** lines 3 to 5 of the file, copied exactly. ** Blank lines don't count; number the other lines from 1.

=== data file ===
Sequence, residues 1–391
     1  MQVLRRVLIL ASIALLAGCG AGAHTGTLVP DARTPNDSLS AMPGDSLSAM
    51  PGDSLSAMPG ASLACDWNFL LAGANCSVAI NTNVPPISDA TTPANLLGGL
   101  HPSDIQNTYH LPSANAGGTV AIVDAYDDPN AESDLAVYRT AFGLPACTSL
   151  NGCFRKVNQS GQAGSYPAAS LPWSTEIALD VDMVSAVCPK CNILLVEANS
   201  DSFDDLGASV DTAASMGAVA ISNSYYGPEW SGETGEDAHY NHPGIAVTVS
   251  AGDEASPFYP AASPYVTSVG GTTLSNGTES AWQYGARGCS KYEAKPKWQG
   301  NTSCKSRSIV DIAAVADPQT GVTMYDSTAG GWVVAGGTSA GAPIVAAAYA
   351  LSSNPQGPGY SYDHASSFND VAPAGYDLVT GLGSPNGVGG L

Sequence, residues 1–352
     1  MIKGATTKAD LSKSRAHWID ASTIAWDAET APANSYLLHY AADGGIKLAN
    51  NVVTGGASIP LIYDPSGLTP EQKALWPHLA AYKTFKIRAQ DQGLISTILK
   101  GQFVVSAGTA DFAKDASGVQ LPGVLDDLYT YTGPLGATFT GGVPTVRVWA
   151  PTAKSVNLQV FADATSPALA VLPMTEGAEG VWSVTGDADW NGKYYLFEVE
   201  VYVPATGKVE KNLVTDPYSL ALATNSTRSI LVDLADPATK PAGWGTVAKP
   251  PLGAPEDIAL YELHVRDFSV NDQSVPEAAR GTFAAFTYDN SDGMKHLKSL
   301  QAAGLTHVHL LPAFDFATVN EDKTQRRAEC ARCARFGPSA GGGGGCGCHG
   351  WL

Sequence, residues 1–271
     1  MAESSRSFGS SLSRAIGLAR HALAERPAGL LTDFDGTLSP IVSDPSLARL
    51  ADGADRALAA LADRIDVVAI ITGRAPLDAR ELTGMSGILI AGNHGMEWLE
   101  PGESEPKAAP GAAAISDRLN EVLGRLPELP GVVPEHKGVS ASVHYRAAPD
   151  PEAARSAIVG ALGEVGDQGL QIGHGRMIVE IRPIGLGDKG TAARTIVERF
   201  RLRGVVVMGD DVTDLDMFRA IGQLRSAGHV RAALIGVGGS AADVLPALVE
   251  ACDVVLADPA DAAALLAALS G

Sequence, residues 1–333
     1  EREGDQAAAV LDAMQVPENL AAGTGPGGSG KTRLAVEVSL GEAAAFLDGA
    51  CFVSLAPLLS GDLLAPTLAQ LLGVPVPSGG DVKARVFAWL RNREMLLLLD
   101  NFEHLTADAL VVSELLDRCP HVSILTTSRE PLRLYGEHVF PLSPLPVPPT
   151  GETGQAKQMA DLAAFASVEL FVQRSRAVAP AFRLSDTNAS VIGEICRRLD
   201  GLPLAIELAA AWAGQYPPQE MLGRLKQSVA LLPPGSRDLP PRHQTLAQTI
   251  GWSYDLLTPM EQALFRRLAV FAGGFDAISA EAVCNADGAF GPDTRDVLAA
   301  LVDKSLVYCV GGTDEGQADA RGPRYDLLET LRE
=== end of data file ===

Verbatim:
    51  PGDSLSAMPG ASLACDWNFL LAGANCSVAI NTNVPPISDA TTPANLLGGL
   101  HPSDIQNTYH LPSANAGGTV AIVDAYDDPN AESDLAVYRT AFGLPACTSL
   151  NGCFRKVNQS GQAGSYPAAS LPWSTEIALD VDMVSAVCPK CNILLVEANS